Stories of Incredible People, Research, Learning, and Leadership Happening in Arts & Sciences
International research powerhouses join forces to advance study of life on Earth
WashU is joining forces with the Missouri Botanical Garden and the Saint Louis Zoo to create the Living Earth Collaborative, a new academic center dedicated to advancing the study of biodiversity to help ensure the future of Earth’s species in their many forms.
What's new in ArtSci?
This year, Arts & Sciences is excited to have a handful of new majors, minors, and graduate programs and certificates. Read more about these changes.
Arts & Sciences in the News:
Mary Jo Bang talks about her forthcoming poetry collection with PBS News Hour
Art historian William Wallace appears on CBS news to view a newly discovered Michelangelo painting.
Ron Mallon explains how small implicit biases can explain large disparities on NPR
Major (and minor) discovery at the ArtSci Major-Minor Fair
Recognizing excellence in teaching and service
Save the Date! Fall Lectures
Moms at Work: Policies and Perspectives in Europe and the United States
Research dog helps scientists save endangered carnivores
Public and Urban Humanities Fellows Join Humanities Center
Studying the Black Athlete in Literature: Q&A with Noah Cohan
Recognizing our outstanding staff
Paul wins Theatre Library Association book award
Welcome, new faculty!
Mallon wins American Philosophical Association award
Why did I do that?
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Is work-family conflict an inevitable part of contemporary life? Sociologist Caitlyn Collins interviewed 135 mothers in 4 countries to find out how public policies affect working mothers in Europe and the United States.
Historian Alex Dubé examines how our understandings of power and violence have changed over time, and what modern day shows like "Game of Thrones" tell us about the present.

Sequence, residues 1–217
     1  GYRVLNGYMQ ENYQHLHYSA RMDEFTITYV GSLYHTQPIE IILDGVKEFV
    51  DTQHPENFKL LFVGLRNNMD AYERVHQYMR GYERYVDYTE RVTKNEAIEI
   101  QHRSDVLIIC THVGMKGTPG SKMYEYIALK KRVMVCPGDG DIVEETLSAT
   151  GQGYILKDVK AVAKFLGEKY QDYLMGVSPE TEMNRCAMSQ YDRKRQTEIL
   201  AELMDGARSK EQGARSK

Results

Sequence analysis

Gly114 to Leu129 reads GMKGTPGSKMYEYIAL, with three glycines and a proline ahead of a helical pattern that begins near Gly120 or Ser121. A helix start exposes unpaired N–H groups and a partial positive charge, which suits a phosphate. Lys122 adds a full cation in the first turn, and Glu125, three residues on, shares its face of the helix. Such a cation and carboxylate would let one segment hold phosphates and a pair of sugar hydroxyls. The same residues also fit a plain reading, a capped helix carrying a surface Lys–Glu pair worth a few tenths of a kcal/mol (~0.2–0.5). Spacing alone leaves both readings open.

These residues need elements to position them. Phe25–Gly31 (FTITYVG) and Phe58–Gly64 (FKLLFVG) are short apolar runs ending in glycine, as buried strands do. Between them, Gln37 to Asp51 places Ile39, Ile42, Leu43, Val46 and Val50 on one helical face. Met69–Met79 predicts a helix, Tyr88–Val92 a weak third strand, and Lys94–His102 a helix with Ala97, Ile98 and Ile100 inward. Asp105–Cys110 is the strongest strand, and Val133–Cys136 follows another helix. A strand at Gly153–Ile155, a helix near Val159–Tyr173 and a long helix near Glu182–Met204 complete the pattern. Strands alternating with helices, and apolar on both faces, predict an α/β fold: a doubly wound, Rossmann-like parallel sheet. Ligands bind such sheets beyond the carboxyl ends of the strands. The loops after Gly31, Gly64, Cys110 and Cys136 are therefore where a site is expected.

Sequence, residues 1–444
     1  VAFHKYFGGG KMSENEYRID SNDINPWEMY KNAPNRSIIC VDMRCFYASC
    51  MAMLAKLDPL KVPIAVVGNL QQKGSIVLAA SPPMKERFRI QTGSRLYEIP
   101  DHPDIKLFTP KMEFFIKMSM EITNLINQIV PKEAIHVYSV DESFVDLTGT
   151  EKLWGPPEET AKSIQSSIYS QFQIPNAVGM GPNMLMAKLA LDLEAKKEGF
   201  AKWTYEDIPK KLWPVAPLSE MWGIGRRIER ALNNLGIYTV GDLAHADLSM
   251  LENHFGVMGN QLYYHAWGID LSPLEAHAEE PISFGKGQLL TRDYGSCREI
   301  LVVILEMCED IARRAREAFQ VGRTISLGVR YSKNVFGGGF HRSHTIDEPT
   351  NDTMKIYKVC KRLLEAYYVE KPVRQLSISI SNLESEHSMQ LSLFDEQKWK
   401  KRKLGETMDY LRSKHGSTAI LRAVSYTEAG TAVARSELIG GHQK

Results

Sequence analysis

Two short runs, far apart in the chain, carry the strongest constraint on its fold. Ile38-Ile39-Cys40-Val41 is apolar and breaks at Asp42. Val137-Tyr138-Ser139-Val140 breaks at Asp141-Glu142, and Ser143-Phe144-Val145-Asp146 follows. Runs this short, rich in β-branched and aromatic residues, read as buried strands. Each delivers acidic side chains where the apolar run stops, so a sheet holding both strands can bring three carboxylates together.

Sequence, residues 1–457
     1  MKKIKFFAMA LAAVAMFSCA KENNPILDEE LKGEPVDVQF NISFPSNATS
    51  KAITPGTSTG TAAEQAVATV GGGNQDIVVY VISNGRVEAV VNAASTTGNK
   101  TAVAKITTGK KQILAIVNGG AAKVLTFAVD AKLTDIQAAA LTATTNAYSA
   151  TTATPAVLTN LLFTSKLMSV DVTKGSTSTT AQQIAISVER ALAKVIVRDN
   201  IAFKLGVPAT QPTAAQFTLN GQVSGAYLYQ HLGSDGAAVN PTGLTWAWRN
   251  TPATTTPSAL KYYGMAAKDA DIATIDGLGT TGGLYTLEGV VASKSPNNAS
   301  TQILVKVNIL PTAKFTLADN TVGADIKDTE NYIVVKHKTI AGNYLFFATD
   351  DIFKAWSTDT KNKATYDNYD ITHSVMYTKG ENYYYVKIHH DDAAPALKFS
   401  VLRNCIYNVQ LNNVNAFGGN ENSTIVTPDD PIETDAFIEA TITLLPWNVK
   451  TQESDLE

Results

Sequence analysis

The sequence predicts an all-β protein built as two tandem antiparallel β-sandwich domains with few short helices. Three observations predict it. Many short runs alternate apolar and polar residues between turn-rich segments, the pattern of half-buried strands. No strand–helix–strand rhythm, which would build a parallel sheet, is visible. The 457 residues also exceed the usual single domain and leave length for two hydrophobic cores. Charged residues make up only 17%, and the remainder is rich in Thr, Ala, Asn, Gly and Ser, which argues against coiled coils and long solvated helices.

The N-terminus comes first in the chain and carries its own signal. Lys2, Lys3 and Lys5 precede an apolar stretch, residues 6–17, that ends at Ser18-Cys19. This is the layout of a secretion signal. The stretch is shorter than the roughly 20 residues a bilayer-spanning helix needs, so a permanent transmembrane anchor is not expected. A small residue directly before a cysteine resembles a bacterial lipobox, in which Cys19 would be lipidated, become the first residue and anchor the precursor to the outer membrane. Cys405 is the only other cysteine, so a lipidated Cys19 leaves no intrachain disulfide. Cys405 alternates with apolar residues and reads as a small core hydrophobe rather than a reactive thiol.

Ebony Duncan Shippy, a sociologist of education, breaks down some common myths about charter schools.
news and events from Arts & Sciences / WashU
Who is the real monster?
Two hundred years after its publication, “Frankenstein” remains a powerful metaphor for the dangers of science unchecked by social responsibility. Corinna Treitel discusses in this video “Frankenstein’s” continued power to challenge and inform.
Is nature fundamentally weird?
Unlike everyday objects, quantum particles can be linked over long distances, behaving as one integrated whole, even though they are so widely separated they can’t communicate, even at the speed of light. Einstein hated the idea, which he called “spooky action at a distance.” Physicist Mark Alford explains the logic behind a famous experiment designed to tell whether quantum mechanics is spooky or non spooky.
A Facelift for Bryan
As part of the Driving Discovery initiative, Bryan Hall at Washington University in St. Louis is being transformed into a state-of-the-art home for chemistry. Sondra Rotty, senior project manager with Tarlton Construction, gives an update on the project. Upon completion in 2018, the renovated Bryan Hall will house an additional 28,000 square feet of research space.
Maria Ruiz, the student speaker for the 2017 College of Arts & Sciences Recognition Ceremony, talks about the experiences that shaped her journey.
Researchers to model brain’s memory network
$7.5 million effort to model brain’s memory network could spur artificial intelligence, medical breakthroughs
Making Sense of Klansville
Sociologist David Cunningham reveals the history of the Klan in civil rights era North Carolina.
Phillip B. Williams wins Whiting Award
The poet, a 2014 graduate of The Writing Program in Arts & Sciences, is among 10 recipients of the 2017 Whiting Award.